- In the explication of USC-4 as a certain algebra.
Each axiom represents a regular transformation of sense in explicit form. It is a pity that a majority of researchers does not understand so far that no kind of artificial intelligence system can exist without semantic explication in the sense of substitution of the strict concept for the intuitional one. The addition of the fact compels us to return to the main question of knowledge representing languages, bases of knowledge, knowledge as such.
We shall demonstrate our understanding of the problem by displaying some examples. It is natural enough for a human to come to the following conclusion: The engineer has seen the device before that is why he would recognize it or in the general form: X has seen Y -> X would recognize Y. If our system is intellectual enough it would know how to draw this immediate conclusion. In other words the creator of artificial intelligence systems has to know the way of teaching a computer to draw such a kind of conclusion. Regretfully he does not know how to do it. Moreover he can not perceive how the human does it.
Let us try to assist the system giving for comparison another instance of deduction: He has already played Rossini's “Tarantella” that is why he would play it or in a more general form: X has played Y -> X would play (X can possibly play Y). A human identifies the verb to play in spite of grammatical differences. It is evident that the former deduction can be reduced to the postulate of modal logic rule P -> ◊P. Though we guess the first deduction is reducible to the same postulate, we do not know how to explain it if only for a human. The human easily uses such deduction but by intuition purely.
Let us begin from the right part of the first utterance: X would recognize Y. This sentence signifies a possible result of action represented in the left part: X can possibly recognize Y. It should be emphasized that after transformation the right part has coincided with the same part of the former utterance and the above-mentioned rule. Concerning the left part the verb to see may be interpreted as to receive information, to get to know. Then we note the whole as follows: X has known Y -> X can possibly know (recognize) Y. It becomes clear that in this case we are concerned with the same postulate of modal logic: P -> ◊P.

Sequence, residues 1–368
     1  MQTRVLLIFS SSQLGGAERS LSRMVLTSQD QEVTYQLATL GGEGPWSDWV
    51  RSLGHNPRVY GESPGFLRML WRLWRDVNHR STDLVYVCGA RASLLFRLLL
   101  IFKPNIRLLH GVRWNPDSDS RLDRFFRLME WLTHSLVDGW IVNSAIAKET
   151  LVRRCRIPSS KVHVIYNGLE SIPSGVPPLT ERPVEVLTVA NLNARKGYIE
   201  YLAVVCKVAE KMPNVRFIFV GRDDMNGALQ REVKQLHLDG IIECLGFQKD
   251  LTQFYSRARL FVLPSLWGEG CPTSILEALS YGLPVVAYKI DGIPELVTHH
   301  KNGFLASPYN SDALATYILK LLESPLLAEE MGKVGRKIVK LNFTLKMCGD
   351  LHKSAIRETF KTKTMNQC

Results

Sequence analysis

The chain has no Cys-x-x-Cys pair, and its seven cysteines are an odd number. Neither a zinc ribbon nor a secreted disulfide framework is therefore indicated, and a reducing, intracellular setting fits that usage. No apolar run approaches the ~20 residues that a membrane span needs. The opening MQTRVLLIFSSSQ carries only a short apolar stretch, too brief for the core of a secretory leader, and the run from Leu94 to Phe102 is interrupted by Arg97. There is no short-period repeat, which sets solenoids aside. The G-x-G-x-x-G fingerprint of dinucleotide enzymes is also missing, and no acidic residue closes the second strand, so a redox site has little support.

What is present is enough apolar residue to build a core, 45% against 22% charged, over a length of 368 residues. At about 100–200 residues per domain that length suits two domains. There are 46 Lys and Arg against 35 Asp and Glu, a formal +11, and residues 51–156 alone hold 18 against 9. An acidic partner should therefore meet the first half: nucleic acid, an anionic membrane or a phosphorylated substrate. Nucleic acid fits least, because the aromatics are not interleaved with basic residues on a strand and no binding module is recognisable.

In order to identify P in left and right parts of our conclusion we must put semantics into formalisms of representation.
It is easy to understand that the formal representation and the canonized language as well demonstrate the identity of P in the left and right parts of the conclusion and distinguish the modal operator in the right one. The number of such instances can be multiplied, but it is quite enough to make clear that the only means of human conclusion formalization is a powerful semantic code. Its potentialities can be implemented in the working system of artificial intelligence if it would be supplied with specialized dictionary for translating natural language phrases into semantic notation (USC notation) or if a human would use USC type of language in the process of this intercourse with computer. We see no other solution.
Formalization of lexical semantics can not solve AI problems because of the natural language vagueness that follows from the discrepancy between the complexity of the syntactic and semantic structures. Such discrepancy arises due to ellipticity of natural language phrases. Thus the following phrase “Your child eats with his hands” is reconstructed in full as “Your child eats with his (mouth, holding food with his) hands”.